Title: National Security Strategy of the United States
Published: Jan. 1, 1993
Administration: George H. W. Bush
Summary: As had become by this time the general trend, the 1992 report was delayed by various distractions. While a draft had been prepared by early 1992, the final report was not submitted until 1993, just before the inaugeration of President Bill Clinton. Among the distractions were several summits and, later in the year, the press of the reelection campaign. (Snider, p. 9).
As may be expected for any White House document produced in an election year, the 1993 report focused primarily on the past accomplishments of the administration rather than the future of the national security environment or strategic plans. By the time the document was nearing publication, it had become clear that President Bush was losing the election. The report was therefore used as an attempt to shape the legacy of the 12-year Republican reign and prepare the field for the Clinton administration by setting the standards by which his foreign policy would be judged. (Snider, p. 9).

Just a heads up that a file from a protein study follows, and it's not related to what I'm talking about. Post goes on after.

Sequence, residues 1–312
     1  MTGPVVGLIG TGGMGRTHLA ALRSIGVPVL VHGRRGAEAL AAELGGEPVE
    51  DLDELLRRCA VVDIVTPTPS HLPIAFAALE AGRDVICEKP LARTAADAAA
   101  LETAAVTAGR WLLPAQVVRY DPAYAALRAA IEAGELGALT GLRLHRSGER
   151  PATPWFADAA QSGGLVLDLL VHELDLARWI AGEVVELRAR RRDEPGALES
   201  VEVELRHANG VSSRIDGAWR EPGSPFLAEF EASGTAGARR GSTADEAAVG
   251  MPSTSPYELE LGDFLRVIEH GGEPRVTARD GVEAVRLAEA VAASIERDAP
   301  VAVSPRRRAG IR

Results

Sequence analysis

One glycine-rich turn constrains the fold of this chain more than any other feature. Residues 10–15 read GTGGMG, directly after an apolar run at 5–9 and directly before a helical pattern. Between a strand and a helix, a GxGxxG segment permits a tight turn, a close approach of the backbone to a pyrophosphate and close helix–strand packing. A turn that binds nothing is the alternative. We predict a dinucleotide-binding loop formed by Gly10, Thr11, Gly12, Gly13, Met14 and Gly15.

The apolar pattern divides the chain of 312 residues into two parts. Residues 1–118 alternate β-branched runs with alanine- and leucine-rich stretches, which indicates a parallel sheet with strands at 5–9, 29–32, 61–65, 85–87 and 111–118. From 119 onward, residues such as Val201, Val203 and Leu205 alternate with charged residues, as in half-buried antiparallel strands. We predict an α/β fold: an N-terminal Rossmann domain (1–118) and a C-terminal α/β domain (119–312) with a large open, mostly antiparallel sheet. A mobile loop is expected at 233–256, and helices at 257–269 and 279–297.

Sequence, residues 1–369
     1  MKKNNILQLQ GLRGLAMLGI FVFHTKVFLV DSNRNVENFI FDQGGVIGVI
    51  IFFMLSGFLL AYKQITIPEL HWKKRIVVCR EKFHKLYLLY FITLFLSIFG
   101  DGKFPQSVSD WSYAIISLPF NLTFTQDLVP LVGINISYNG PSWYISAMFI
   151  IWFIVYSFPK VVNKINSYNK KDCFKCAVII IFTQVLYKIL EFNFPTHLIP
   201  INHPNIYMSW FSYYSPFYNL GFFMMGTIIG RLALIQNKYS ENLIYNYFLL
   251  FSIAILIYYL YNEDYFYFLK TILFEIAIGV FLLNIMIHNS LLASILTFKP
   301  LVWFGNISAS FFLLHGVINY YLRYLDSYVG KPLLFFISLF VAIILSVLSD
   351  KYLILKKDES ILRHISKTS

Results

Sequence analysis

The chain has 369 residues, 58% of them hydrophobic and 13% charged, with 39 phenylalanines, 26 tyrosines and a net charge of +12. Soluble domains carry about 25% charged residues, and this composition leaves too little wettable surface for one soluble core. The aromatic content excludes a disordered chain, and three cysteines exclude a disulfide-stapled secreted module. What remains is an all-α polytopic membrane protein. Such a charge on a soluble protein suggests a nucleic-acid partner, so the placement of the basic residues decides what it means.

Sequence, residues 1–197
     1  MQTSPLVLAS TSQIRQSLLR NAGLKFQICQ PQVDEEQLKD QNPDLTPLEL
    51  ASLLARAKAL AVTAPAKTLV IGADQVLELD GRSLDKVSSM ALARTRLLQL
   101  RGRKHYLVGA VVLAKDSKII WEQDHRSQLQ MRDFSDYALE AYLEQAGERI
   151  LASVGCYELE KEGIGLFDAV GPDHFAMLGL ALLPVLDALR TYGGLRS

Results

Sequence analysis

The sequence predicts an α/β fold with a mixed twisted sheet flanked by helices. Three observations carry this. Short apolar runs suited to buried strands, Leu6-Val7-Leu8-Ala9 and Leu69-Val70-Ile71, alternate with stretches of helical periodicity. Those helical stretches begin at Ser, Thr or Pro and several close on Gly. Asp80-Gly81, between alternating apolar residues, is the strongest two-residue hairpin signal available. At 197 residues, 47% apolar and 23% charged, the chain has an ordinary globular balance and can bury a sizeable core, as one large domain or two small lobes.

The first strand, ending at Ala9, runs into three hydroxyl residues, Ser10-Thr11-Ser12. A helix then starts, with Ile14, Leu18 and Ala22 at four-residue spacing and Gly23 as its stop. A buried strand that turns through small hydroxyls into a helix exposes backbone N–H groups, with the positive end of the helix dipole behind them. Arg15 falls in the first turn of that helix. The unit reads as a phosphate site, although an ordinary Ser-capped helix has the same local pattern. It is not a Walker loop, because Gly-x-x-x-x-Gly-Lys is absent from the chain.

The 1993 report’s strategic content did not differ significantly from the 1991 report. Both focus on regionally-based “collective engagement” and the employ Cheney and Powell’s four pillars of military defense. The one difference between these reports is the new emphasis on democratic peace and America’s role in securing it. (Snider, p. 10).